Of those friendly foxes, 100 vixens and 30 males were chosen as the first generations of parents.

When the cubs were born, the researchers hand-fed them. They also attempted to touch or pet the foxes when they were two to two-and-a-half months old, for strictly measured periods at a time.

The aggressive and fear avoidance responses were eliminated from the experimental population

If the cubs continued to show aggressive or evasive responses, even after significant human contact, they were discarded from the population – meaning they were made into fur coats. In each selection, less than 10% of tame individuals were used as parents of the next generation.

"As a result of such rigorous selection, the offspring exhibiting the aggressive and fear avoidance responses were eliminated from the experimental population in just two to three generations of selection," Trut wrote in a study published in 2009.

The foxes at the fox-farm were never trained to become tame. They lived in cages and had minimal contact with humans. Belyaev's aim was to create a genetically-distinct population, so he simply selected for particular behavioural traits.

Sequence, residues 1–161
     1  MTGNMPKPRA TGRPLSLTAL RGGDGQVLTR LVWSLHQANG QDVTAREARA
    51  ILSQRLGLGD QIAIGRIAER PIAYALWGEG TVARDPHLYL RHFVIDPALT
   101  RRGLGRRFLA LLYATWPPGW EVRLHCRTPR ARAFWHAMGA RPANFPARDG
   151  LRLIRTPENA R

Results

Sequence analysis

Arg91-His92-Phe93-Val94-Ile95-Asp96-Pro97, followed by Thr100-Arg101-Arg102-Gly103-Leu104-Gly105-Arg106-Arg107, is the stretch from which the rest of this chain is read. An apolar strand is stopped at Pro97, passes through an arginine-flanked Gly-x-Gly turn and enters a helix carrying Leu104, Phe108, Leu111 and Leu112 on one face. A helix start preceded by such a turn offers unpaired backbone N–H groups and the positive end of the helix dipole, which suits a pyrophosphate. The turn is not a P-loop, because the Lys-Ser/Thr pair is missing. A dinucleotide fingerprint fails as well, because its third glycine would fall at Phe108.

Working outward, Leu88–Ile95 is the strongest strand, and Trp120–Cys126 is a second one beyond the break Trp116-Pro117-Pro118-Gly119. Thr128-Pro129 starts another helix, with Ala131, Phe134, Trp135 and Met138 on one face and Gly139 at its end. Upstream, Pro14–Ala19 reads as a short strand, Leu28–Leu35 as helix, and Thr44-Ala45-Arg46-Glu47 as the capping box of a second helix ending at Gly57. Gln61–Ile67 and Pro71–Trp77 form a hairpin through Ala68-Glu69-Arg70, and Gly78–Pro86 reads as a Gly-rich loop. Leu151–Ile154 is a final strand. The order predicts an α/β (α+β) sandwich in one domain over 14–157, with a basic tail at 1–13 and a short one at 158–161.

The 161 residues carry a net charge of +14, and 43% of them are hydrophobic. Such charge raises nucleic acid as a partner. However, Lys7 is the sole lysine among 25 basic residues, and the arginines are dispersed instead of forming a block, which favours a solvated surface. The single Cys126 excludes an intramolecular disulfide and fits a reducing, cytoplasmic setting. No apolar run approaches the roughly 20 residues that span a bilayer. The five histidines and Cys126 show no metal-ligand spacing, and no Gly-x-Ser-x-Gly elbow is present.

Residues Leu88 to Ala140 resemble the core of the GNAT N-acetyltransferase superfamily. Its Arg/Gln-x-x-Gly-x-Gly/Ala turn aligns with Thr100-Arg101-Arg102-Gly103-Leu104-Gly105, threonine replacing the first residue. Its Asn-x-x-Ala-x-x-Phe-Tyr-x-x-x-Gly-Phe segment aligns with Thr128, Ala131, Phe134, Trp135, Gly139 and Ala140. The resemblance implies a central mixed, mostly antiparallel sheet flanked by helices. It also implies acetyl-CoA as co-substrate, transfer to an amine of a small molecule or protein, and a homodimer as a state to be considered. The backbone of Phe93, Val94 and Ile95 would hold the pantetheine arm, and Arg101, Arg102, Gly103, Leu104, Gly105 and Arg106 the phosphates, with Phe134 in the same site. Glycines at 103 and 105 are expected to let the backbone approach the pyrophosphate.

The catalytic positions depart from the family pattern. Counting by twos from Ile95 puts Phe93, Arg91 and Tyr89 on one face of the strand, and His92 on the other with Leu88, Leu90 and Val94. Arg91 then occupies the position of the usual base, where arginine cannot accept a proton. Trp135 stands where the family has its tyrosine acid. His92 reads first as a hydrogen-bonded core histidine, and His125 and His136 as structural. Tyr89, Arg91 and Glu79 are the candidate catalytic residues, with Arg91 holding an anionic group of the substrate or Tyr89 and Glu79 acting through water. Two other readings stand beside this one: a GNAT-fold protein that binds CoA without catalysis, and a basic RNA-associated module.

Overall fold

"Belyaev had one main goal at the beginning of experiment: to reproduce the process of historical domestication at the experiment, during a short time," says Trut. "This goal didn't change. But during the experiment the understanding of evolutionary process changed."

By the fourth generation, the scientists started to see dramatic changes.

The cubs were beginning to behave more like dogs. They wagged their tails and "eagerly" sought contact with humans. They whined, whimpered and licked researchers just like puppies would.                

The foxes could 'read' human cues and respond correctly to gestures or glances

The process was surprisingly quick. "By intense selective breeding, we have compressed into a few decades an ancient process that originally unfolded over thousands of years," wrote Trut in 1999.

These foxes were called the "elite of domestication", and as the generations passed the proportion of these elite cubs grew. By 2005-2006, almost all the foxes were playful, friendly and behaving like domestic dogs. The foxes could "read" human cues and respond correctly to gestures or glances. The vocalisations they made were different to wild foxes.

"The proudest moment for us was creating a unique population of genetically tame foxes, the only the one in the world," says Trut.

Brian Hare is associate professor of evolutionary anthropology at Duke University in Durham, North Carolina and author of the 2013 book The Genius of Dogs. He travelled to Russia on the Trans-Siberian railroad to visit the farm, in order to compare fox cubs with dog puppies for a study published in 2005.